Last week I flushed toilet paper down a commode that didn't accept toilet paper, flooded a foreign bathroom and decided to retell the story on the world wide web.
Just when I thought I couldn't get any more mindless, this week I decided to go to Meijer.
On a Monday evening.
On the Monday evening before Thanksgiving.
I'm a glutton for punishment.
The wind blew ferociously at 5:10 PM as I pulled into the mega Meijer parking lot, which was 90% full. People flooded like dizzy flies to the bright lights of the storefront.I didn't have a long list, still I had divided it into sections and aisles using my best recollection.
Simple things like Irish steel cut oats, lacy swiss and marjoram leaf.
Seemed easy enough.
Except nothing - including the Irish steel cut oats, lacy swiss and marjoram leaf - were where I expected them to be.
Which lead to this:
Anticipated, organized route: Actual, horrible route:
The red circles indicate visible tension, verbalized swear words or me trying to imitate the look of disapproval Dear 'Ol Dad used countless times between years 1988 and 1998. Yep, I used that.
Seemed to work in by the specialty cheeses, not so much in the cereal aisle. People who eat Kellogg's SMORZ are so rigid.
I made it to the refrigeration section (for the first time that night) and couldn't get to the butter because two gals who had gone to nurse's training together in 1977 were reuniting for the first time since then.
"Move it to Facebook, ladies!" I said (in my head) as I nudged my way between them to get a box of butter. I gave it two seconds of consideration then grabbed a second box in case snow comes before Thursday. Never know.
All afterthoughts which returned me to the battlefield.
It's been years - sincerely - since I used anything but self-checkout at Meijer. By the time I reach that point in my shopping, I try to interact with as few folks as possible. I gauge the line length, the characters in it, and the items in their cart. I work hard to get behind blue collar men who have nothing but milk, antacids and beer in their cart, but sometimes luck just isn't in my favor.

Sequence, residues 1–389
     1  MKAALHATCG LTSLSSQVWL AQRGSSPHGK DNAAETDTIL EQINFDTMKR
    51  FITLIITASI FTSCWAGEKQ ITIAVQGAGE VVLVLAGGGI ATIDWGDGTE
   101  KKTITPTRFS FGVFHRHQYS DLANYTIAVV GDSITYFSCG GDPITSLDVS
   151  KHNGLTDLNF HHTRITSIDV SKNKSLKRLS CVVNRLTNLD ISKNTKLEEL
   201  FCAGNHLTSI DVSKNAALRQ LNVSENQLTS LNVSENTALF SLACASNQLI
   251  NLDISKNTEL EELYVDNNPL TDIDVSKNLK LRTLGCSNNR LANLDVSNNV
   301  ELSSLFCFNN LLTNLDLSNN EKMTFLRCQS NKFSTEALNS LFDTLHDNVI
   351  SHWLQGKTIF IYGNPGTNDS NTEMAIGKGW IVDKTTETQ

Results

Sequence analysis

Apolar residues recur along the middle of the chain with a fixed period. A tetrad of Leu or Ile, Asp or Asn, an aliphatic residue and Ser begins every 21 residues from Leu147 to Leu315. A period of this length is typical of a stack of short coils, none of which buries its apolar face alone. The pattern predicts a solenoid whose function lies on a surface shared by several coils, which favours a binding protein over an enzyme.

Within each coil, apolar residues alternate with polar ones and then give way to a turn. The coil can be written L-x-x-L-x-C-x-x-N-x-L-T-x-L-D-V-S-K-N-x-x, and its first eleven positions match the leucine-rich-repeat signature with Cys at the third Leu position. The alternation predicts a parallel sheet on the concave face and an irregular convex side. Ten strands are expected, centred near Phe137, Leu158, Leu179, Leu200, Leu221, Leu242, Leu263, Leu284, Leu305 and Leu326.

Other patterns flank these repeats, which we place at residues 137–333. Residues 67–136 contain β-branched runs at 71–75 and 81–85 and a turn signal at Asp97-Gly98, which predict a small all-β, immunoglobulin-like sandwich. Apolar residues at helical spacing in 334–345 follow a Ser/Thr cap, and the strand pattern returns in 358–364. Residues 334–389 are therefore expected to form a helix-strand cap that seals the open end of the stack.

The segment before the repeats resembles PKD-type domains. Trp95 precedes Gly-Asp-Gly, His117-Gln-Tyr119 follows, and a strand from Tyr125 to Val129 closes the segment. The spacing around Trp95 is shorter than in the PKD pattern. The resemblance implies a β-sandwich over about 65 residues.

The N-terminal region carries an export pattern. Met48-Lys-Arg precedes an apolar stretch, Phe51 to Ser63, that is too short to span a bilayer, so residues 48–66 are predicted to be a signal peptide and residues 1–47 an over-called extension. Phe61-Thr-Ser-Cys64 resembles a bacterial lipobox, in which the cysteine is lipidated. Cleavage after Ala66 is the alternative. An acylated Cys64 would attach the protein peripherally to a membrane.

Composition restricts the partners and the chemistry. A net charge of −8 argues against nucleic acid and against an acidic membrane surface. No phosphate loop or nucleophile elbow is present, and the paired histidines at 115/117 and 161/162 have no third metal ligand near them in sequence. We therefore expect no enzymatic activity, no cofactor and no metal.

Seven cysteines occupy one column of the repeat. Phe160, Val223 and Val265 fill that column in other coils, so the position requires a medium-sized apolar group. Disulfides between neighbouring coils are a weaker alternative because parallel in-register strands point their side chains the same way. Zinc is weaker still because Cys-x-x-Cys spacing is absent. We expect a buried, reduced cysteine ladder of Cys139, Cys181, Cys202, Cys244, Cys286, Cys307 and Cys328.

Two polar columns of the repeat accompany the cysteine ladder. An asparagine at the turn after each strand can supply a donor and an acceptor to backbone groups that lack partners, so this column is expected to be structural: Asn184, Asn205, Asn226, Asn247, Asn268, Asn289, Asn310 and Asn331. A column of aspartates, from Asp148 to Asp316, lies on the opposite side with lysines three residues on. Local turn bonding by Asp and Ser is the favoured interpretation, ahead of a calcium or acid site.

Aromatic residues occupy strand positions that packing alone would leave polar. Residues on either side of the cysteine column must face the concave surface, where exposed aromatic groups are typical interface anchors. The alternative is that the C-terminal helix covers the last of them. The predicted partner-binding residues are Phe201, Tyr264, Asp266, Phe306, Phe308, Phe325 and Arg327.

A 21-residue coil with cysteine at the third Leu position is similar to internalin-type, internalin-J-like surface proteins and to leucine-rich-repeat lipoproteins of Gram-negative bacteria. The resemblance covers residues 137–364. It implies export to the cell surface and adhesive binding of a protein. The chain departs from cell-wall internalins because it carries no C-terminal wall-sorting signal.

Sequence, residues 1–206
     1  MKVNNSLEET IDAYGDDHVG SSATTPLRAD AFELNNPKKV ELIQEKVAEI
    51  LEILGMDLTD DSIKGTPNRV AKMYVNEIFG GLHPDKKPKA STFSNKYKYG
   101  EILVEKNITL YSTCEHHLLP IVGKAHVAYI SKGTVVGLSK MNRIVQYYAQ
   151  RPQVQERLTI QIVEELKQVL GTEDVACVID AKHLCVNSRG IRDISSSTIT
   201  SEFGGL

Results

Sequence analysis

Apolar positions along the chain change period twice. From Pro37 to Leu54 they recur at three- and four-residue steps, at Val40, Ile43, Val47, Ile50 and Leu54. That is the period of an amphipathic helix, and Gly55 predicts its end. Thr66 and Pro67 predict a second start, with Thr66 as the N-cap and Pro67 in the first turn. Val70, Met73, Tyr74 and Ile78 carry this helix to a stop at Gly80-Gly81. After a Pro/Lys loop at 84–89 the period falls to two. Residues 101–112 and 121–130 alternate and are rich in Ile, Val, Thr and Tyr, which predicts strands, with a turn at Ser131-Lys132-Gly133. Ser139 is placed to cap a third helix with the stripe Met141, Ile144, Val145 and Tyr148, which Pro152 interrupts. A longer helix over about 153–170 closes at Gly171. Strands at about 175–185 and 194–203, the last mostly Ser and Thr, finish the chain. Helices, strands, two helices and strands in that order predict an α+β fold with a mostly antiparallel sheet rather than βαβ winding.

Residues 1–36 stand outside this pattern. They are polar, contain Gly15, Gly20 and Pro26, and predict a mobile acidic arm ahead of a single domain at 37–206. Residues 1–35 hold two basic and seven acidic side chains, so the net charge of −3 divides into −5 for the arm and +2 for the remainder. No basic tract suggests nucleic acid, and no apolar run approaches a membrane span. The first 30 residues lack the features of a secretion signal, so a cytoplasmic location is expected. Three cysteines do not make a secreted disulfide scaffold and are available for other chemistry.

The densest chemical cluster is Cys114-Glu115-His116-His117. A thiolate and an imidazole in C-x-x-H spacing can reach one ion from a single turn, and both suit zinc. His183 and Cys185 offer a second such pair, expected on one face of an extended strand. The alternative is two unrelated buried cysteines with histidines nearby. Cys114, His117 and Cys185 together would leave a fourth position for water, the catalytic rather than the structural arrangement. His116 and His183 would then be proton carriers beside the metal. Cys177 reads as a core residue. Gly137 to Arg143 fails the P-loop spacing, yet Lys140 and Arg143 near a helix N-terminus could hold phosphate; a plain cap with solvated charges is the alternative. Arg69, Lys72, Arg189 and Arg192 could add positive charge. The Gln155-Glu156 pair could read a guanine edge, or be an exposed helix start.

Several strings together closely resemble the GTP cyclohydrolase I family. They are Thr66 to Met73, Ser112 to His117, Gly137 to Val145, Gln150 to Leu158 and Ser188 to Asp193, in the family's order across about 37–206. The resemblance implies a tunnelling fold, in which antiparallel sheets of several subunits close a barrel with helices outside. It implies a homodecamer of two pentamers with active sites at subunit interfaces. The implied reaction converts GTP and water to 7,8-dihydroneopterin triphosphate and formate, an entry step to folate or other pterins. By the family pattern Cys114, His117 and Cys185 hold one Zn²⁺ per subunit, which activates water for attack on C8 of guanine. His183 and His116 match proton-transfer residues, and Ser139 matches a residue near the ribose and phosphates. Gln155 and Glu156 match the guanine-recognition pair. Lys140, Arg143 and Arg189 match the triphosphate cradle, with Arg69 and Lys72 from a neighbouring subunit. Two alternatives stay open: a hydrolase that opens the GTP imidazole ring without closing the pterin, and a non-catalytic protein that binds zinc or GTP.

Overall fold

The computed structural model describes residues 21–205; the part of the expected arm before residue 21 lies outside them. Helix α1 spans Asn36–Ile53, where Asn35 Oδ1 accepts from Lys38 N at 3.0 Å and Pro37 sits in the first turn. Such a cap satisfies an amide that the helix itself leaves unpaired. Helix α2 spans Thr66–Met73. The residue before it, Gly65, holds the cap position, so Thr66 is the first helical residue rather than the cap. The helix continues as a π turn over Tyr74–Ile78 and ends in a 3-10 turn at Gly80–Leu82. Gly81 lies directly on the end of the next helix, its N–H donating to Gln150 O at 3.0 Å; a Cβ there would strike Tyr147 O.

This was one of those nights.
The first gal in front of me purchased her groceries using two different payment methods: EBT and cash. There was a stark nutritional difference between the items she bought with cash, and the ones she bought with EBT.
Fact: A head of lettuce costs a fraction of the price of a bag of powered donuts. Or a case root beer. Just sayin'.
She had two young girls with her, maybe four and six years old. They defined hyper and defied rules. To pacify the two, the gal gave them each a plastic bag. Wanna guess where the bags instantly went? Yes - right over their heads.
It made me sad.
I was strangely relieved when the gal gave them each a quarter to ride Sandy.
Sandy has been abused.
Especially during the holidays.
Especially during the holidays.
My chance at the register.
Except the machine wouldn't take my MPerks number. I tried it again.
Annnnd one more time before tapping the HELP button.
By the time help-girl-Mandy made it to my aisle, the register shut down.
"I'm sorry, our registers keep restarting due to usage tonight. You'll have to move to another line."
I had one hundred thoughts running though my head; none of which I'd say aloud in front of the Original Jean.
I moved to the next line and waited behind a woman who chose not to scan her food, but rather "search" for it in the register. It became a word game.
A Wheel of Food Fortune, of sorts.
Exept, she spelled as well as I due: Tiribly.
She ate like a champ but she spelled like an orangutan.
She also collected every coupon Meijer had issued in the last six months. Couldn't blame the woman, though I totally did after fifteen more minutes in line.
My MPerks were rejected at that particular register, too. The machine couldn't handle a "7".
After several tries, Mandy returned and entered a magical code that stopped the beeping and lowered my blood pressure.
The only reason why I didn't absolutely lose my head at that point was
2. One of work's very best customers was ironically using the self-checkout line right next to me. What luck. He and his wife greeted me,
no doubt wondering why I looked so strung out and stressed.
They - on the other hand - looked relieved and refreshed: HARVEST 2014 IS OVER.
I smiled and tugged at my hair, trying to wisp it out of my face.
They asked how Argentina was; I'm fairly certain that
they thought I had just stepped off of the 10-hour flight.
Nope, just grocery shopping in my own personal hell.
By the time I made it to the exit doors - AKA FREEDOM - I had only forgotten one thing: the insulated casserole dish carrier I was fixin' to unintentionally shoplift because I left it on the bottom rack of my cart. I picked it up and handed it to the greeter and let her know I didn't have time cycle through hell again.
Something about my tone caused her to not ask any questions and smile extra wide.
It was annoying.
I got onto the interstate and headed home and Cody called shortly after.